How Fed's next trick will hurt bonds

The Fed's new plan to stimulate the economy would resume the rapid growth of the Fed's balance sheet and push it to $3 trillion sometime in 2013. The Fed's Operation Twist is scheduled to expire sometime this month but many are expecting the Fed to replace that with a more aggressive program of quantitative easing.

By Jim Jubak
12/10/2012 7:15 PM ET
MSN Money

I think the Federal Reserve is setting up investors for a significant change in policy to be announced after Wednesday's meeting of the Fed's Open Market Committee.

The new plan would resume the rapid growth of the Fed's balance sheet and push it to $3 trillion sometime in 2013.

And that would make the big problem facing the Federal Reserve and the U.S. economy even bigger. After expanding its balance sheet by buying what will soon be an additional $2 trillion in debt to help stave off the worst effects of the global financial crisis and then to support a stumbling U.S. economy, how does the Fed shrink its balance sheet back to something like normal size without crashing the U.S. and global economies?

The Federal Reserve's Operation Twist is scheduled to expire this month. That program to swap about $270 billion in short-term Treasurys for longer-term, five- to seven- year debt in order to lower long-term interest rates – to support the recovery of the housing sector and to stimulate economic growth -- is almost certain to end with the year.

But Fed Chairman Ben Bernanke and company are also almost certain to replace Operation Twist with a new, more aggressive program of quantitative easing. The fallout from this will be new pressure on bonds that could eventually send investors fleeing -- and those who aren't careful will get hurt in the rush.

A new buying binge

The Fed is clearly worried that the debate alone over the fiscal cliff -- or worse, the actual expiration of all of the Bush tax cuts, the Social Security tax reduction and extended unemployment benefits, plus the automatic budget cuts imposed by the debt-ceiling deal -- could slow the economy and even send the U.S. back into recession.

Recent speeches by Federal Reserve governors and basic math all suggest the new program will be an out-and-out plan to buy five- to seven-year Treasurys. That would continue the thrust of Operation Twist but get around a big problem the Fed now faces: It has become increasingly difficult for the Federal Reserve to sell its short-term holdings of Treasurys and to buy medium-term debt to replace them because the Fed has effectively sold most of its short-term holdings.

The new program would require the further expansion of the Federal Reserve's already massive balance sheet, which stood at $2.85 trillion as of Nov. 21. That $2.85 trillion level has been relatively stable since June 2011.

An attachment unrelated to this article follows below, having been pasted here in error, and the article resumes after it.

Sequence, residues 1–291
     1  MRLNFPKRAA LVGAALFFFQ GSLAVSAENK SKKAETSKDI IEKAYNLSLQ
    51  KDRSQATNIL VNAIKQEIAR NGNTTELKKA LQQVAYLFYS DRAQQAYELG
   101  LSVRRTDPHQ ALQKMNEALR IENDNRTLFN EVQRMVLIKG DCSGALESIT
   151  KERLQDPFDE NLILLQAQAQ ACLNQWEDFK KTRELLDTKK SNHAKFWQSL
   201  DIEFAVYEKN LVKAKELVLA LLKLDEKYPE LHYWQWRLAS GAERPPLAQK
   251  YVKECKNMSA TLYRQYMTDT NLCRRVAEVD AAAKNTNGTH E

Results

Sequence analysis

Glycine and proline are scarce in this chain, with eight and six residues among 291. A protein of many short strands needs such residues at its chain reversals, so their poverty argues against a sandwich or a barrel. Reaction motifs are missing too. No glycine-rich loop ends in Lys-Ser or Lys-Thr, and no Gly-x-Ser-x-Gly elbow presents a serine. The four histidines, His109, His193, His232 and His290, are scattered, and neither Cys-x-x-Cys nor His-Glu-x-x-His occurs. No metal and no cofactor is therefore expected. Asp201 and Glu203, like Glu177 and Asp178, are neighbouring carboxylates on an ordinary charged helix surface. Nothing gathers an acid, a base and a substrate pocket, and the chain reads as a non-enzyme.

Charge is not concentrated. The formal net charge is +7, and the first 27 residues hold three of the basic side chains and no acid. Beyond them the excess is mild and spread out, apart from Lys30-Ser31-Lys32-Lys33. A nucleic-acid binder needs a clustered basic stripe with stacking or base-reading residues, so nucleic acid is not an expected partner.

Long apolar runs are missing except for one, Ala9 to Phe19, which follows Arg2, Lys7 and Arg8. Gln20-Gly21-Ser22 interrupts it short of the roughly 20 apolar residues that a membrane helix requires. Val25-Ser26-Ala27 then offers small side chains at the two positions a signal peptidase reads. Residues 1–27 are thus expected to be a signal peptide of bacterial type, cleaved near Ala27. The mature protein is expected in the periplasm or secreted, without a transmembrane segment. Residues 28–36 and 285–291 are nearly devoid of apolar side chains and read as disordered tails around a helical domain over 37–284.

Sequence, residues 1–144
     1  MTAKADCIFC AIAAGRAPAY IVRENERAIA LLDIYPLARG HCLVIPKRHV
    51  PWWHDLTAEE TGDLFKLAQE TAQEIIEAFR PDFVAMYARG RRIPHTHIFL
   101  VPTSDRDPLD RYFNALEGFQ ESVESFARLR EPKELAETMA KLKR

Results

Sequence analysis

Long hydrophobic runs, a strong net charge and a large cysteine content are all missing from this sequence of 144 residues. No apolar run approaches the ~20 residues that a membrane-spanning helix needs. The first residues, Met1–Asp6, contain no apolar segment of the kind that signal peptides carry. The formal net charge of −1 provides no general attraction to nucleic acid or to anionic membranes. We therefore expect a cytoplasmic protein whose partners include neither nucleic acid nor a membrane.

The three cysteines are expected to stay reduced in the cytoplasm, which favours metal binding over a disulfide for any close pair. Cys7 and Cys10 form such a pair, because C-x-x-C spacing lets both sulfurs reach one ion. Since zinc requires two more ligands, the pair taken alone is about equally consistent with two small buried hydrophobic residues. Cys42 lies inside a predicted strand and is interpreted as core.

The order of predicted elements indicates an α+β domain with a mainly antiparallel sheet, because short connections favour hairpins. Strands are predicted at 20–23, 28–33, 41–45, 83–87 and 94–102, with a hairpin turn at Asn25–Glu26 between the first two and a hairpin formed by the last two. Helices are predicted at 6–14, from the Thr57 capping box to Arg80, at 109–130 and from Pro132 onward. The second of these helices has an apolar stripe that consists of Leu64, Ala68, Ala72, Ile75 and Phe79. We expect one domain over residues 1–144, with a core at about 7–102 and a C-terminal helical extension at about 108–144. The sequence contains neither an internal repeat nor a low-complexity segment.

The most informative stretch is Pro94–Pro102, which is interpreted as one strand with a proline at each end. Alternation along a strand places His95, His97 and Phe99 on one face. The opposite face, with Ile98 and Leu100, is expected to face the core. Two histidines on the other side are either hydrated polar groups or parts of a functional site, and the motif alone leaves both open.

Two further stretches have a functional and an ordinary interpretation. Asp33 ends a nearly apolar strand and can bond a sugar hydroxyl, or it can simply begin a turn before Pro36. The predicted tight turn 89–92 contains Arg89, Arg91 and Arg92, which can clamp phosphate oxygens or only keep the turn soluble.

The new plan would change that. The number floating around Washington and Wall Street mentions Fed buying of about $45 billion in Treasurys a month. That would easily push the Fed's balance sheet to more than $3 trillion sometime in 2013.

Amazingly enough, the Fed's balance sheet was at just about $1 trillion before the start of the current downturn.

The Federal Reserve's most recent plan for shrinking its balance sheet goes back to 2011. Then, the Fed projected that it might start selling off some of its holdings of Treasurys and other debt in mid-2015. That, if you remember, is also when the Fed might begin raising the short-term interest rates that it directly controls. Recent announcements from the Federal Reserve's Open Market Committee have promised that the Fed would keep short-term rates at their current 0% to 0.25% level until at least the middle of 2015.

Logically, this plan made some sense: If the economy was strong enough by mid-2015 to withstand the downward pressure of higher short-term rates, it should also be strong enough to face some selling by the Federal Reserve of its medium-term debt portfolio.

The science of printing money

Why does all this matter? It all goes back to the why and how of the Federal Reserve's manipulation of its balance sheet to begin with. By buying Treasurys or other debt in the open market, the Federal Reserve stimulates the economy by adding to the money supply and lowering the cost of money (by lowering interest rates). At least, that's the theory behind the Fed's programs as the economy struggles to pick up speed after the Great Recession.

The Federal Reserve pays for these purchases, essentially, by creating money with the government's printing presses. That's why its purchases of bonds in the open market add to the money supply -- those purchases are paid for with newly printed money. Seen from this perspective, the Fed's balance sheet consists of "assets," such as Treasury bonds, purchased with money conjured out of thin air.

The big problem comes when the economy starts to pick up speed. Then, all that created money that was intended to speed up growth becomes the source of inflation and threatens to push up not just prices (consumer inflation) but also the prices of financial assets (asset-price inflation). Neither is good. The Federal Reserve has a clear mandate to fight consumer-price inflation because rising prices eat away at the value of money, making the fixed returns on things like bonds less and less valuable and reducing the value of paychecks, too. Once the expectations of future inflation become ingrained, the rate of inflation can soar as everyone tries to raise prices or increase wages faster than the rate of inflation.

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